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Universal Free Lunch in New York City
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Universal Free Lunch in New York City


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  • 1. 6/1/2014 New YorkCityCouncil, Department of Education Officials Spar Over Free Lunch Plan in Schools - WSJ… 1/3 See a sample reprint in PDF format. Dow Jones Reprints: This copy is for your personal, non-commercial use only. To order presentation-ready copies for distribution to your colleagues, clients or customers, use the Order Reprints tool at the bottom of any article or visit Order a reprint of this article now NY POLITICS Council, Education Officials Spar Over Free Lunch The de Blasio Administration Says the Plan Could Hurt Federal Funding for Low- Income Students May 28, 2014 1:53 p.m. ET A City Council proposal to provide universal free lunch in New York City public schools continues to be a rare point of disagreement between Mayor Bill de Blasio and his closest allies. At a rally on Wednesday outside City Hall, City Council Speaker Melissa Mark-Viverito called the $24 million lunch proposal—which wasn't included in Mr. de Blasio's $73.9 billion executive budget —the utmost priority. "We're going to make sure [New York City schools] Chancellor Carmen Fariña and the Department of Education know how much of a difference universal free lunch will make in the lives of children and families," she said. City Council Speaker Melissa Mark-Viverito earlier in May. Kevin Hagen for The Wall Street Journal By MARA GAY
  • 2. 6/1/2014 New YorkCityCouncil, Department of Education Officials Spar Over Free Lunch Plan in Schools - WSJ… 2/3 Earlier Free Student Meals Bid Stalls Under de Blasio New York Mayor's Plan to Expand School Lunch Hits Snags But Ms. Fariña said the education department believed the plan could affect important federal funding for city schools under the federal Title One program. Title One allocates federal dollars for a variety of programs at low-income schools based in part on the application forms filled out by parents for free or reduced-price school lunches. "We're exploring that," she said of the proposal during a budget hearing Wednesday on education at the City Council, where Ms. Mark-Viverito asked her about her position on the issue. "Our major fear is how using this money will affect Title One funding." While the total amount of Title One funding would remain the same, education officials said implementing free lunch could affect the distribution of the money across the city. That could leave some schools with budget gaps. "We are very interested in it and we are pursuing it," Deputy Schools Chancellor Kathleen Grimm told council members. But, she said, "we know that some schools would be winners and some would be losers." A spokesman for the mayor referred to Ms. Farina's comments at the hearing. Ms. Mark-Viverito, Public Advocate Letitia James, and others in favor of universal free lunch say it will help students living in poverty who need the meal but may be too embarrassed to come forward. One-third of the 780,000 students who qualify for free or reduced lunch don't receive it, according to advocates. Ms. Mark-Viverito, an East Harlem Democrat who is a close ally of Mr. de Blasio, said she was shocked by the administration's response. "I would think that being in New York City, with as much innovation and creativity that we have, that we could find other ways other than the [application] forms to capture information to make sure that Title One is not impacted," the council speaker said. Ms. James, also a Democrat and another ally of Mr. de Blasio, was more pointed. "You just don't get it," she told the education officials, after rattling off a list of half a dozen school districts across the U.S. that have already implemented the program. "I just think the Department of Education has a fundamental misunderstanding of the program." New York City Schools Chancellor Carmen Farina during a visit to a school in Brooklyn on April 7 Getty Images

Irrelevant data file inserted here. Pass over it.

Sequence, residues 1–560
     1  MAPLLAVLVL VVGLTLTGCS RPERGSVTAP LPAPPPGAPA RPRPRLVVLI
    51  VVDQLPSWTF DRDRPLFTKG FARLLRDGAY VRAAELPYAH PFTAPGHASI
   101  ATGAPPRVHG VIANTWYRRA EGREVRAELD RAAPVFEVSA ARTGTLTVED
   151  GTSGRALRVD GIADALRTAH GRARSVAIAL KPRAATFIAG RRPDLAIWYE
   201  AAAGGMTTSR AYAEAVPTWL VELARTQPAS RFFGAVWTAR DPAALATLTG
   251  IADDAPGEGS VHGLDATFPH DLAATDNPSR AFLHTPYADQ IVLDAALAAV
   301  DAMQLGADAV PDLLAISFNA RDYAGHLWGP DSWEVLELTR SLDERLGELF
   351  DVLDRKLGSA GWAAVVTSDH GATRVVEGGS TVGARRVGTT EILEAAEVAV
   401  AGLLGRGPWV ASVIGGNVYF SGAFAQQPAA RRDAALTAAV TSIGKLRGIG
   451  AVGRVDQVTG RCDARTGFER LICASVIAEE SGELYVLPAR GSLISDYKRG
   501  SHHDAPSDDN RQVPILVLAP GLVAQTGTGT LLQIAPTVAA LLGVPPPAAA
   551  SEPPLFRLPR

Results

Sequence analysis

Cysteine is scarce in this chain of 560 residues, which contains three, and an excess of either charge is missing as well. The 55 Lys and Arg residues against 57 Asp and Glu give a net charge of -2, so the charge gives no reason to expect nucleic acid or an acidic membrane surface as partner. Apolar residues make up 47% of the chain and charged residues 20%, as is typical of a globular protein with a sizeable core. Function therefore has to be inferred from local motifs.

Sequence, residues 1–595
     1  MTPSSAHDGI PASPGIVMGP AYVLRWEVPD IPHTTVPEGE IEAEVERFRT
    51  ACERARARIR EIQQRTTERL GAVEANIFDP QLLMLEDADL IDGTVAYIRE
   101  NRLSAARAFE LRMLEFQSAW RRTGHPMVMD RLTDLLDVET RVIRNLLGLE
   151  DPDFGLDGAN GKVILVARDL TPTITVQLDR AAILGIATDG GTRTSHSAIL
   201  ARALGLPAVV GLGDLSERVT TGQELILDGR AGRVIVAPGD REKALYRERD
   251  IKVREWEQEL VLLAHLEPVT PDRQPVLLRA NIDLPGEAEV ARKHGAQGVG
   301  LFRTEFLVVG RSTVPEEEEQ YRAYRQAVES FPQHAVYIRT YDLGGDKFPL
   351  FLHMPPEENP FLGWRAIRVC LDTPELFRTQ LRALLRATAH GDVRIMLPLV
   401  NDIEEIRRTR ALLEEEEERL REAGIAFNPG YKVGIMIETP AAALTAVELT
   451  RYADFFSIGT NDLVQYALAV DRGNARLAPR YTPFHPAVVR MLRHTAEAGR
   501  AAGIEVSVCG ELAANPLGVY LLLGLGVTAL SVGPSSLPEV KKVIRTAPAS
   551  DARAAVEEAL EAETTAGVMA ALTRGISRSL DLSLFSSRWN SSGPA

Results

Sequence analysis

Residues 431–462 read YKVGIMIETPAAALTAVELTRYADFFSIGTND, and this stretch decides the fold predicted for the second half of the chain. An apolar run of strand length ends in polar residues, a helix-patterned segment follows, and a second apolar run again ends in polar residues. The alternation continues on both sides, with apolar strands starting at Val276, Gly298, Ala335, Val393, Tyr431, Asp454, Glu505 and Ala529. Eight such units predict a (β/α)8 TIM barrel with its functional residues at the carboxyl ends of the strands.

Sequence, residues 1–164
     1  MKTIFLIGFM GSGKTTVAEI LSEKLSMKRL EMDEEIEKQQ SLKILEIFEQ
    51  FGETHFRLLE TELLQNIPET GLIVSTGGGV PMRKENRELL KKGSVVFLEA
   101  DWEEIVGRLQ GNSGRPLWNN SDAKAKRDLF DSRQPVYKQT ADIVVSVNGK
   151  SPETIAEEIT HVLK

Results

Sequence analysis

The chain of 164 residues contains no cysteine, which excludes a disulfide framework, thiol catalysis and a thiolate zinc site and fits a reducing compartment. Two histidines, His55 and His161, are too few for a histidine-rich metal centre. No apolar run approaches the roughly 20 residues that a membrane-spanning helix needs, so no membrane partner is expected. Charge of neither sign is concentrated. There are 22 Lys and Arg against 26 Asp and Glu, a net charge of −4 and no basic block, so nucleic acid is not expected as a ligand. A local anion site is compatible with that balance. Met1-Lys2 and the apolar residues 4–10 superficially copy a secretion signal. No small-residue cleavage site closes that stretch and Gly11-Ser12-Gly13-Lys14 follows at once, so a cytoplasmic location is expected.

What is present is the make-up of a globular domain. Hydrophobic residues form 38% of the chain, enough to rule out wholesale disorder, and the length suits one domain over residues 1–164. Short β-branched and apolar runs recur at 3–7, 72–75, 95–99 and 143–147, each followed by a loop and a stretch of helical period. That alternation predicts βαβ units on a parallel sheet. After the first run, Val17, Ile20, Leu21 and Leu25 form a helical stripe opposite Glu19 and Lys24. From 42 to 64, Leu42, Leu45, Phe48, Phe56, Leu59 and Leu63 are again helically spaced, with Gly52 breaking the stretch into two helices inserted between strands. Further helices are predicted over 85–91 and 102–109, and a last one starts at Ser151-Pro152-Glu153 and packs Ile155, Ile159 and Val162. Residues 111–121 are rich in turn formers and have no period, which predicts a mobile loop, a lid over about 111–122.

• 3. 6/1/2014 New YorkCityCouncil, Department of Education Officials Spar Over Free Lunch Plan in Schools - WSJ… 3/3 Ms. Mark-Viverito said making lunch free to all 1.1 million New York City public school students would lead to what advocates have said would be an estimated 20% increase in children who participate. Students from families of four earning less than $30,615 are eligible for free lunch. Students from families of four making less than $43,568 qualify for reduced-price lunch. About 75% of New York City School students qualify for free or reduced-price lunch. Kristina Erskine, 18, said some students are mocked for receiving free lunch. "There's a lot of jokes," said Ms. Erskine, a senior at the Academy for Environmental Leadership in Brooklyn who came to City Hall to rally for the lunch program. "People don't want to get the lunch because it makes them look poor. It's very uncomfortable." Write to Mara Gay at Copyright 2013 Dow Jones & Company, Inc. All Rights Reserved This copy is for your personal, non-commercial use only. Distribution and use of this material are governed by our Subscriber Agreement and by copyright law. For non-personal use or to order multiple copies, please contact Dow Jones Reprints at 1-800-843-0008 or visit